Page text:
22 October, 2014 AsiaNews.it Twitter AsiaNews.it Facebook            

Help AsiaNews | About us | P.I.M.E. | | RssNewsletter | Mobile





mediazioni e arbitrati, risoluzione alternativa delle controversie e servizi di mediazione e arbitrato
e-mail this to a friend printable version


» 08/09/2012
JAPAN
Nagasaki mayor calls for a nuclear-free world
Tomihisa Taue wants "concrete steps" towards a Nuclear Weapons Convention." Nagasaki's mayor also wants nuclear power to be replaced by alternative sources. He said his city will "continue to support the people of Fukushima" victimised by the March 2011 accident.

Nagasaki (AsiaNews/Agencies) - Nagasaki called on world leaders today to conclude a treaty banning nuclear weapons at a ceremony marking the 67th anniversary of 'Fat Man,' the codename for the atomic bomb that destroyed the city (the bomb that devastated Hiroshima on 6 August was codenamed 'Little Boy'). "The international community must act now by taking the first concrete steps toward concluding the Nuclear Weapons Convention," Mayor Tomihisa Taue said. He also expressed his city's solidarity with the victims of last year's Fukushima nuclear disaster, survivors as well as relatives now facing hardships.

In his address, Mayor Taue also called on the central government to address the "serious challenge" presented by North Korea's nuclear arms threat. In a speech, Prime Minister Yoshihiko Noda declared that Japan has a "responsibility" to encourage countries and the international community to eliminate their nuclear arsenals.

For the first time, US Ambassador John Roos attended the ceremony along with representatives from about 40 countries. Roos did attend Hiroshima's annual peace ceremony before, but never Nagasaki's. Both mark the atomic bombs dropped by the United States that ended the Second World War in the summer 1945.

In Nagasaki, up to 80,000 people were incinerated in the blast or died from radiation-related illnesses by the end of 1945. The number of officially recognised Nagasaki hibakusha, the surviving victims of the atomic bombings, stood at 39,324 as of March, with an average age of 77 and half years.

In an explicit reference to the March 2011 nuclear disaster in Fukushima, Mayor Taue called for a society "free from the fear of radioactivity." He is the first Japanese mayor to call on Japan to move away from nuclear energy and promote instead new energy sources in place of nuclear power.

Taue also called for action on the radioactive waste that has piled up, and pledged that Nagasaki would "continue to support the people of Fukushima".

 


e-mail this to a friend printable version

See also
08/06/2012 JAPAN
Hiroshima marks 67 years since atomic bomb with one eye on Fukushima
06/28/2012 JAPAN
Kashiwazaki, Tepco wants to reactivate the largest nuclear power plant in the world
10/20/2009 JAPAN
Hiroshima and Nagasaki dream of Olympics 2020
by Pino Cazzaniga
08/03/2009 JAPAN
The atomic bombs on Hiroshima and Nagasaki, a moral failure
by Pino Cazzaniga
08/06/2005 japan
Ceremonies mark Hiroshima horror; admonish the world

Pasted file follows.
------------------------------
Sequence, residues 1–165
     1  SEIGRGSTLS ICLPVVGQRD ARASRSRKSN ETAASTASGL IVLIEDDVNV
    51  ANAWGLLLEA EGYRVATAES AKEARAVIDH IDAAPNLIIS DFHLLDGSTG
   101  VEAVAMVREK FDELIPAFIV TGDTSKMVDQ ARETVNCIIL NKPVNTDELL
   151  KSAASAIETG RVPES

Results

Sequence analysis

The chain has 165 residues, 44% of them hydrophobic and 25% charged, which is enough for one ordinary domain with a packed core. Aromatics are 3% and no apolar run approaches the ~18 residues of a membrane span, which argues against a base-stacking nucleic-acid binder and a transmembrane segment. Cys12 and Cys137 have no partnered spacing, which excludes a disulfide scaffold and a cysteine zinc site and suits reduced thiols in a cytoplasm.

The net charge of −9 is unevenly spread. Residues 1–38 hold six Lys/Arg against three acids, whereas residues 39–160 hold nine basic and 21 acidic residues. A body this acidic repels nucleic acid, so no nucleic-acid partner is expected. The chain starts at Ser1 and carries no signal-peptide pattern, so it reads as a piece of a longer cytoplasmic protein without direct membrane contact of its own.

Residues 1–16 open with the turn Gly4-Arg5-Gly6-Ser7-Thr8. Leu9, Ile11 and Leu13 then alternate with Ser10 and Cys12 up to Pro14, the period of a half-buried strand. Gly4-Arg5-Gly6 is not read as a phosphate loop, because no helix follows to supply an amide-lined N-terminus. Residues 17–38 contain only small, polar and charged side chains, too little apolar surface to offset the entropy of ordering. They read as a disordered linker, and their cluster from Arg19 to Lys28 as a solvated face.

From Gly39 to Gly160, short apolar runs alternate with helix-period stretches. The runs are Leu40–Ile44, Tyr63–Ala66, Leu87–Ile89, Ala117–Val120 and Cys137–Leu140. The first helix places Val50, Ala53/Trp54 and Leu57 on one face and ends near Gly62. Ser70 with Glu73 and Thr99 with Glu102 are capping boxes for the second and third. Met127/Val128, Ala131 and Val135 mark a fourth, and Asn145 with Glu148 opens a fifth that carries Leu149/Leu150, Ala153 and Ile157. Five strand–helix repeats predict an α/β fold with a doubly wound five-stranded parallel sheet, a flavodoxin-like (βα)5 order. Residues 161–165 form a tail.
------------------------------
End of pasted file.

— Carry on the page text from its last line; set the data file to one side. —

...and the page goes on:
Editor's choices
IRAQ - ITALY
Almost 700,000 euros raised as the 'Adopt a Christian from Mosul' campaign continues
by Bernardo CervelleraA second instalment is sent with funds raised in September. The fate of East-West relations is being played out in the Middle East and Iraq. Pope Francis and the Synod issue an appeal. Governments are lukewarm. Aid is coming from around the world. A new international community is defeating the "globalisation of indifference."
IRAQ-VATICAN
"Adopt a Christian from Mosul": Archbishops’ thanks as first aid arrives
by Amel NonaMsgr. Amel Nona, the Chaldean Archbishop of Mosul, who is also a refugee himself, thanks all the donors to the AsiaNews campaign. The situation is increasingly difficult given the huge number of refugees and the arrival of winter and snow, making outdoor shelters and tents impossible. The crisis, an occasion that activates the faith of Christians.
ITALY - IRAQ
After raising € 350,000, 'Adopt a Christian from Mosul' campaign continues
by Bernardo CervelleraDonations raised up to 31 August have been sent to the patriarch of Baghdad and the bishops of Kurdistan. The campaign helps to feed, house, clothe, and bring comfort to more than 150,000 Christian, Yazidi, Turkmen, Shia and Sunni refugees who fled the violence of the army of the Islamic Caliphate. People in Italy and around the world have been generous, including the poor and the unemployed, a sign of hope for the world as well as those who suffer and those who give.

Dossier

by Giulio Aleni / (a cura di) Gianni Criveller
pp. 176
Copyright © 2003 AsiaNews C.F. 00889190153 All rights reserved. Content on this site is made available for personal, non-commercial use only. You may not reproduce, republish, sell or otherwise distribute the content or any modified or altered versions of it without the express written permission of the editor. Photos on AsiaNews.it are largely taken from the internet and thus considered to be in the public domain. Anyone contrary to their publication need only contact the editorial office which will immediately proceed to remove the photos.